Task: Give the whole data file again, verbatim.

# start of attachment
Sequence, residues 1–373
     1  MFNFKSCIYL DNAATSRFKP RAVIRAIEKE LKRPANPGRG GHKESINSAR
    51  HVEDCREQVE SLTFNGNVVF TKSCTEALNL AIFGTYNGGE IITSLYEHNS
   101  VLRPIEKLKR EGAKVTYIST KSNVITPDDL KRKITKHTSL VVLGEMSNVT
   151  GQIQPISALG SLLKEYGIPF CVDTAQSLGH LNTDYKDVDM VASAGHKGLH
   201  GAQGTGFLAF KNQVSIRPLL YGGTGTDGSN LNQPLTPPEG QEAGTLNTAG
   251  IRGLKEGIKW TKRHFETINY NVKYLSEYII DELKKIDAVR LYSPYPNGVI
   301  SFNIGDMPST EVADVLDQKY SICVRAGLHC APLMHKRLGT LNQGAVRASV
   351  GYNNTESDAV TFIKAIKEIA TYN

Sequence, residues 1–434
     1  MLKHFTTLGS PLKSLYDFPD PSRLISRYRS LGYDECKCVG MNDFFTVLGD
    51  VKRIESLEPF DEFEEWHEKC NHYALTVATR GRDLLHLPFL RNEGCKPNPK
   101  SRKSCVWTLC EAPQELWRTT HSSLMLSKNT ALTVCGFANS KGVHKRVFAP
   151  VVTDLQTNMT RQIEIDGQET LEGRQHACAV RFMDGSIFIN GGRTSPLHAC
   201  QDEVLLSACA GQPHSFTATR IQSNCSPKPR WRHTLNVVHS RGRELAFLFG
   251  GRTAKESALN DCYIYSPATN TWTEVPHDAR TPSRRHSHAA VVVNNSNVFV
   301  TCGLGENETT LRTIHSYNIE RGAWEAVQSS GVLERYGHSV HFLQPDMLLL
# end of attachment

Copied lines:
Sequence, residues 1–373
     1  MFNFKSCIYL DNAATSRFKP RAVIRAIEKE LKRPANPGRG GHKESINSAR
    51  HVEDCREQVE SLTFNGNVVF TKSCTEALNL AIFGTYNGGE IITSLYEHNS
   101  VLRPIEKLKR EGAKVTYIST KSNVITPDDL KRKITKHTSL VVLGEMSNVT
   151  GQIQPISALG SLLKEYGIPF CVDTAQSLGH LNTDYKDVDM VASAGHKGLH
   201  GAQGTGFLAF KNQVSIRPLL YGGTGTDGSN LNQPLTPPEG QEAGTLNTAG
   251  IRGLKEGIKW TKRHFETINY NVKYLSEYII DELKKIDAVR LYSPYPNGVI
   301  SFNIGDMPST EVADVLDQKY SICVRAGLHC APLMHKRLGT LNQGAVRASV
   351  GYNNTESDAV TFIKAIKEIA TYN

Sequence, residues 1–434
     1  MLKHFTTLGS PLKSLYDFPD PSRLISRYRS LGYDECKCVG MNDFFTVLGD
    51  VKRIESLEPF DEFEEWHEKC NHYALTVATR GRDLLHLPFL RNEGCKPNPK
   101  SRKSCVWTLC EAPQELWRTT HSSLMLSKNT ALTVCGFANS KGVHKRVFAP
   151  VVTDLQTNMT RQIEIDGQET LEGRQHACAV RFMDGSIFIN GGRTSPLHAC
   201  QDEVLLSACA GQPHSFTATR IQSNCSPKPR WRHTLNVVHS RGRELAFLFG
   251  GRTAKESALN DCYIYSPATN TWTEVPHDAR TPSRRHSHAA VVVNNSNVFV
   301  TCGLGENETT LRTIHSYNIE RGAWEAVQSS GVLERYGHSV HFLQPDMLLL